BUFFALO, N.Y. – A University at Buffalo physician and
expert in refugee health has been named the primary clinician and
medical director of the Western
New York Center for Survivors of Refugee Trauma and Torture.
The center is a collaborative initiative conceived and funded by
Jewish Family Service of Buffalo and Erie County through a grant
from the New York State Health Foundation.
Kim Griswold, MD, MPH, associate professor in the departments of
Family Medicine and Psychiatry in the UB School of Medicine and
Biomedical Sciences, will conduct forensic exams of refugees from
all over the world who are being resettled in Buffalo and
Certified by Physicians for Human Rights, her work with the
center involves documenting and assessing evidence of torture and
trauma in refugees and asylum-seekers. She also is required to
provide testimony at asylum hearings.
“The UB Department of Family Medicine has been highly
visible in serving this region’s immigrant population,”
said Marlene Schillinger, president and chief executive officer of
Jewish Family Service of Buffalo and Erie County. “We are
mounting this critically needed project with the goal of
integrating physical and behavioral health care for refugees. Dr.
Griswold has unique qualifications to do this.”
Jewish Family Service is one of Buffalo’s four federally
certified refugee resettlement agencies. In addition to UB Family
Medicine, partners in its recently launched project are Lake Shore
Behavioral Health, Journey’s End Refugee Services and Vive La
Casa, with Rochester Catholic Family Center as a regional
collaborator. Other UB partners on the project include the UB
Global Health Initiative in the School of Public Health and Health
More than 90 percent of the state’s refugees settle in
upstate New York. An estimated 1,500 new refugees resettle in
Western New York annually from Sudan, Somalia, Burma, Iraq, Bhutan,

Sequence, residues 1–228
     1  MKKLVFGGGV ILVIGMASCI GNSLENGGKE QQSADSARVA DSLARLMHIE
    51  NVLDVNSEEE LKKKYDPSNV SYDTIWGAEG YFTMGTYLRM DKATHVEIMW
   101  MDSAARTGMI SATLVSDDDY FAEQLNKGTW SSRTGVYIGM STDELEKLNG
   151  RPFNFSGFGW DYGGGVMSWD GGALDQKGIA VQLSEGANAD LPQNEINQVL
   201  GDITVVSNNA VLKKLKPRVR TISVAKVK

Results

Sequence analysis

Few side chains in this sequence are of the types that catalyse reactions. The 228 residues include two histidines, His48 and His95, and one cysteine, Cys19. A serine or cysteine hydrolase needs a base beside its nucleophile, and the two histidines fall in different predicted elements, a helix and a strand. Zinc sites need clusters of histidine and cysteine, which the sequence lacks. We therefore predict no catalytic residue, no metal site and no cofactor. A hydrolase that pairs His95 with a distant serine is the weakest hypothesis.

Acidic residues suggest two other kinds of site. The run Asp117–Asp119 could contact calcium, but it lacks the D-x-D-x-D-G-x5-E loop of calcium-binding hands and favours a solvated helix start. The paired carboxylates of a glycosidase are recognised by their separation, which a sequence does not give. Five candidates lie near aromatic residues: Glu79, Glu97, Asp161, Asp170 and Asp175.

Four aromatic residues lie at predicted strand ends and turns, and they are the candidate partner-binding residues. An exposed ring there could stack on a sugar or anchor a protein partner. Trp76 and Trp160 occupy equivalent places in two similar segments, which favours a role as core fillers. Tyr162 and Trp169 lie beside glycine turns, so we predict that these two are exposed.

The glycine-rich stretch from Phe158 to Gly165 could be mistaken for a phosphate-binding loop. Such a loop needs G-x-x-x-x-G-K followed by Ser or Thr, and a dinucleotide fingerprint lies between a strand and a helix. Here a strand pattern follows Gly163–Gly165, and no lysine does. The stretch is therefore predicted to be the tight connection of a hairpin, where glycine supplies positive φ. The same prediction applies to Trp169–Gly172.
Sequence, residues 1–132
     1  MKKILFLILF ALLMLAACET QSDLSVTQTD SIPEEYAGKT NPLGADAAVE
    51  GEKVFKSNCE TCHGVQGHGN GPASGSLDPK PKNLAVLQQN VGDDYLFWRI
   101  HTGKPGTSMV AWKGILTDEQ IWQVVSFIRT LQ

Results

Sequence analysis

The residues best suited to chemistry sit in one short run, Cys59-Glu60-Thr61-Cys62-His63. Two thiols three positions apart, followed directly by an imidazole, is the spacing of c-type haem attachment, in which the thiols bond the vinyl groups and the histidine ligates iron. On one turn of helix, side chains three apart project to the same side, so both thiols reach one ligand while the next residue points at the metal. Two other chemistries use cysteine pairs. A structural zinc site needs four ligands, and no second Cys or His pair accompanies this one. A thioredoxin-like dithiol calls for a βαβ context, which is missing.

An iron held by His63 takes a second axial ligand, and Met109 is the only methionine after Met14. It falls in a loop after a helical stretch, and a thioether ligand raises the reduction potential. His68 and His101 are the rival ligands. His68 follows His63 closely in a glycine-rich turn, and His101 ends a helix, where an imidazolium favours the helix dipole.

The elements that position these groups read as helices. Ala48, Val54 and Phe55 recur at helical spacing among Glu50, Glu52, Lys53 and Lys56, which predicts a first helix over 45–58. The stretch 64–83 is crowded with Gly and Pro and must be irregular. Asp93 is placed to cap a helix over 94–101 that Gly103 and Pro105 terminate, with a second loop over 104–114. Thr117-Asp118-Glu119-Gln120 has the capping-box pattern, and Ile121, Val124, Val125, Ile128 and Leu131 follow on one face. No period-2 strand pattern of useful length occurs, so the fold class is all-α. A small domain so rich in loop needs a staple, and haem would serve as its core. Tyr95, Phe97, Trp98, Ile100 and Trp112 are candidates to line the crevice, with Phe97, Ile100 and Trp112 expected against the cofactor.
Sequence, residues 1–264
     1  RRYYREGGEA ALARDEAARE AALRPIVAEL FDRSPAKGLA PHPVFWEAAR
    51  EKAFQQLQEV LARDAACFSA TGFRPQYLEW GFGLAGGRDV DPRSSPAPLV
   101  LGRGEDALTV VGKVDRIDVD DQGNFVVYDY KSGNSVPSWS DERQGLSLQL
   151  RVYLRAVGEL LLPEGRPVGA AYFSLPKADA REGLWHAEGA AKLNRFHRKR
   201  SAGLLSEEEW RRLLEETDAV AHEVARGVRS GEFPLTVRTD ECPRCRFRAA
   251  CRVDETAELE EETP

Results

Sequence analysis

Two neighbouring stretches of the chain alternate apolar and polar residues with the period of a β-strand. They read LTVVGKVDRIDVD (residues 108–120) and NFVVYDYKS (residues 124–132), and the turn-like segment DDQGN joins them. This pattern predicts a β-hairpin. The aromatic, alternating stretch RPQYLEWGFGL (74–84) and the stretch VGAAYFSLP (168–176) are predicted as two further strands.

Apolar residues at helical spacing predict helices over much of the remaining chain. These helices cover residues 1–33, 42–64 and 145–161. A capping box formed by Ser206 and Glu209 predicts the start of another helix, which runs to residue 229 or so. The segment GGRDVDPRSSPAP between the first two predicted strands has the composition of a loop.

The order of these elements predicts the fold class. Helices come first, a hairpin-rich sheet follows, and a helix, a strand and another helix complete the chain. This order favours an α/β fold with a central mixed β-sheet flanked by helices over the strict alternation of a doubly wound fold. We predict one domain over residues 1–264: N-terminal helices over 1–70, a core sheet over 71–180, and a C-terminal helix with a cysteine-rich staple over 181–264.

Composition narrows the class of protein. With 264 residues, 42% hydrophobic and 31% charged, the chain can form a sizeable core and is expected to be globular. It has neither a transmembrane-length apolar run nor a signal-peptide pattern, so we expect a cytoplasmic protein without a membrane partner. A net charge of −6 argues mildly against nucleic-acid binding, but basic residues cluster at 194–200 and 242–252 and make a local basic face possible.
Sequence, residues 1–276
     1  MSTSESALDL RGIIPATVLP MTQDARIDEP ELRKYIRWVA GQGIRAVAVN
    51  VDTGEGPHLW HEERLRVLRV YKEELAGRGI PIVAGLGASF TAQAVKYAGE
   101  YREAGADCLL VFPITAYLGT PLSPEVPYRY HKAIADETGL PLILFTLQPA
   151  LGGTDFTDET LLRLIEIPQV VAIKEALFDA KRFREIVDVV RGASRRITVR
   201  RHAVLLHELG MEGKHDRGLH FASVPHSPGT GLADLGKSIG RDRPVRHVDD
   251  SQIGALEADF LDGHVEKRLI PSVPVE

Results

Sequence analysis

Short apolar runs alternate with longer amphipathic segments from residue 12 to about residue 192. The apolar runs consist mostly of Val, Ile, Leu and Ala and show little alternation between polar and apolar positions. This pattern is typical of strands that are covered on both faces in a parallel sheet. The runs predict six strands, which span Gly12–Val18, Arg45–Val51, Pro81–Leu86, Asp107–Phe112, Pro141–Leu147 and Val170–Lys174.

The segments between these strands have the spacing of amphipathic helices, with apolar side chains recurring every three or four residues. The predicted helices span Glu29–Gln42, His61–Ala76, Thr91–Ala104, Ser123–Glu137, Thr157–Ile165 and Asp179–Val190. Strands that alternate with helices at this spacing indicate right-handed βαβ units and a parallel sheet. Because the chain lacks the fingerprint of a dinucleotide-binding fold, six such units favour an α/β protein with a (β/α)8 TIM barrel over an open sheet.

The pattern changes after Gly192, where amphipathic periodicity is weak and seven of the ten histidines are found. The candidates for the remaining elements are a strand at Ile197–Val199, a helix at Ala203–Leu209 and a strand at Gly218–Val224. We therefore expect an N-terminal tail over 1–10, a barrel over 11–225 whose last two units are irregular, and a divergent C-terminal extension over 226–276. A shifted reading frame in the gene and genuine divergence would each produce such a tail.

Nepal and other conflict-ridden countries.
“The more refugees coming from places experiencing major
conflicts like Syria, the more there is a chance that they may have
suffered trauma and/or torture,” says Griswold. “They
have a trauma history that we, as their providers, need to know
about. They may have witnessed violence or been beaten or raped and
we, as objective assessors for court testimony, need to know how to
do a sensitive inquiry. There are specific techniques that we are
trained to use, a process of inquiry and documentation that allows
us to identify trauma and torture.”
According to Griswold, broaching these subjects with victims
requires extraordinary care.
“Survivors have their armor on,” she says.
“They want to protect you from knowing what has happened to
them. You don’t want to strip off all the armor in one piece.
They would fall apart. It’s a process. Providers have to
learn how to work well with interpreters and to be culturally
Griswold says the types of torture and trauma many resettled
refugees experience range from sexual violence to state-sponsored
violence in order to elicit information or being forced to witness
violence against a family member.
“Sometimes it’s not torture per se, but extreme
trauma,” says Griswold. “They have seen horrible things
that don’t leave a physical mark but leave an imprint
The center will help create a coordinated network of care for
“Now, if we have a referral for a specific refugee or
asylum-seeker, we’ll have a better network of providers who
can care for them,” Griswold explains. “Whether
it’s medical, social work, or mental health counseling,
we’ll have a better fabric of providers who can seamlessly
care for this person.”
“From a human rights perspective, it’s important to
help remove barriers to self-sufficiency,” says Pam Kefi, JFS
Buffalo director of program development and implementation.
“We hope to improve people’s ability to live
In addition to providing care directly to Buffalo’s
refugee population, Griswold will conduct research on how well the
project is going in order to assess its success.
“The research aspect will show us where there are gaps in
service,” she explains. “It also will demonstrate how
this project can help us use resources more wisely. Treating people
who have been victims of torture and trauma will, in the end,
result in their becoming more successful, contributing members of
Interprofessional education among UB’s health
sciences schools also will be impacted as students will have
opportunities to become more familiar with issues in the refugee
community. This summer, two UB medical students will be working
with Griswold to help identify health and medical networks in
Buffalo for this population and to identify services that may be
“From my perspective, refugees and asylees are incredibly
vulnerable populations,” says Kathleen Soltis, president of
the UB student chapter of Physicians for Human Rights and a
second-year medical student at UB. “We don’t receive a
lot of education on them in the formal medical curriculum, but
through our clinical work with mentors in the community, we often
come into contact with them. It gives us the opportunity to learn
about different medical issues that refugees experience that you
don’t see in the rest of the community.”